Are Features and Aesthetic accorded equal weight by customers ?

Not always, for some product classes customers exhibit asymmetry when weighing between aesthetics and features. Most products sold to B2C customers fall in this category.

Example: Desktop-PC’s vs. Laptop’s

All else being equal a desktop computer, usually tucked under the table, might still attract buyers even when it has inferior aesthetics. On the other hand a laptop needs to be both feature rich and visually appealing for it to sell.

 B. In-Tangible Attributes

 1. Aura:

Aura defines the cognitive feelings and responses that a product or service invokes in the customer’s mind read this article. Branding and Advertisements play an important role in creating, communicating and conditioning the attitudes and behaviors on both the demand-side and supply side of the market place.

Aura confers status, establishes identity and reassures customers of their choices.

2. Service and Support:

Not all products carry service and support, in fact most buyers prefer not to deal with it. But invariably anything that is sold needs some amount of support in facilitating its procurement, installation, usage and consumption.

A pure Service Good on the other hand has no physical product that is sold but rather solves a problem or eliminates hurdles for the end customers. Services also include ecosystems that differentiate and augment the core offerings.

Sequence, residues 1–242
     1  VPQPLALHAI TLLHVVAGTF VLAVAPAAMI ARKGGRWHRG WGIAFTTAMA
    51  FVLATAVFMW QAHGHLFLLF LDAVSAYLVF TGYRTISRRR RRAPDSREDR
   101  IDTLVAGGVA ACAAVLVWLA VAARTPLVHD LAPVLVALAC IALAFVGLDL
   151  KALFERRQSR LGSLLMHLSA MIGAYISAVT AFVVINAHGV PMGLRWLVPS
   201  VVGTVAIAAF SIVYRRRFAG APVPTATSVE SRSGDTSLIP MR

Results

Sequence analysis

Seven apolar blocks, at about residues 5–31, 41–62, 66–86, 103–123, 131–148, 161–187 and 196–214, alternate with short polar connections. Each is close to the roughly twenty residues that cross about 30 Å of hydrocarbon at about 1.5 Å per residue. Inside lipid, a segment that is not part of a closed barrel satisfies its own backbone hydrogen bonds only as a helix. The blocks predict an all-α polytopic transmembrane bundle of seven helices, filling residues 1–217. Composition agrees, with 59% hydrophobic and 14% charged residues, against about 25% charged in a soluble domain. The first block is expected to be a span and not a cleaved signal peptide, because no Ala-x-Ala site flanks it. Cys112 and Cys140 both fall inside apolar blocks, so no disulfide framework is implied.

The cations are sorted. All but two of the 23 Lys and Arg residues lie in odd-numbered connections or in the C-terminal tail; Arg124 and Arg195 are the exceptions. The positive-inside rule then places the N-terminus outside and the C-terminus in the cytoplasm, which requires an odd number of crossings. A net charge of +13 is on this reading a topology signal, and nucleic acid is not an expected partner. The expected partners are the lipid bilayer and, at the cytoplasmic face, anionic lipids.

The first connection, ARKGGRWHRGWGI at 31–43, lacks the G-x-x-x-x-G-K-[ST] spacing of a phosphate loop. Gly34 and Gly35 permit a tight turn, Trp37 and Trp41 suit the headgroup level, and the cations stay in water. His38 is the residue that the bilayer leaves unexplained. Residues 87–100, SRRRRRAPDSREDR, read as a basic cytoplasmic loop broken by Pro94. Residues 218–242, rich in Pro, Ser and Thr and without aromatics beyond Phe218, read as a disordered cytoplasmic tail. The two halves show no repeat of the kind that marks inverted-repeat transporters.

7 Rules of Product Acceptability:

A new product although differentiated may still fail to gain market acceptance   if the following rules of product acceptability are overlooked.

  1. Functional Performance
  2. Acquisition Cost
  3. Ease-of-Use
  4. Operating Cost
  5. Reliability
  6. Serviceability
  7. Compatibility

Identifying White Spaces: Tangible or In-Tangible Dimension

Now that we have explored the four possible dimensions to differentiate an offering in the marketplace, lets look at how to indentify whitespaces and to go after new opportunities.

When indentifying new market opportunities a strategist should neither exclude nor focus on solely one dimension. The only thing that should matter is whether there are enough customers who given the varied choices (offerings) before them prefer one combination over others.

Matrix of Whitespaces – New Opportunities


The number of possible combinations using different mix of tangible (product features ) and in-tangible (service) attributes yields a matrix of 16 different cells each representing a unique offering in the market place. However not all offerings are relevant to all markets. Each offering in the matrix above shares a very unique and separate triangular relationship with its customers and substitutes.

The matrix offers firms and would be entrepreneurs a blue print to evaluate market opportunities and to formulate new product strategy. Implicit in the opportunity matrix above is the assumption that the returns exceed the cost of capital.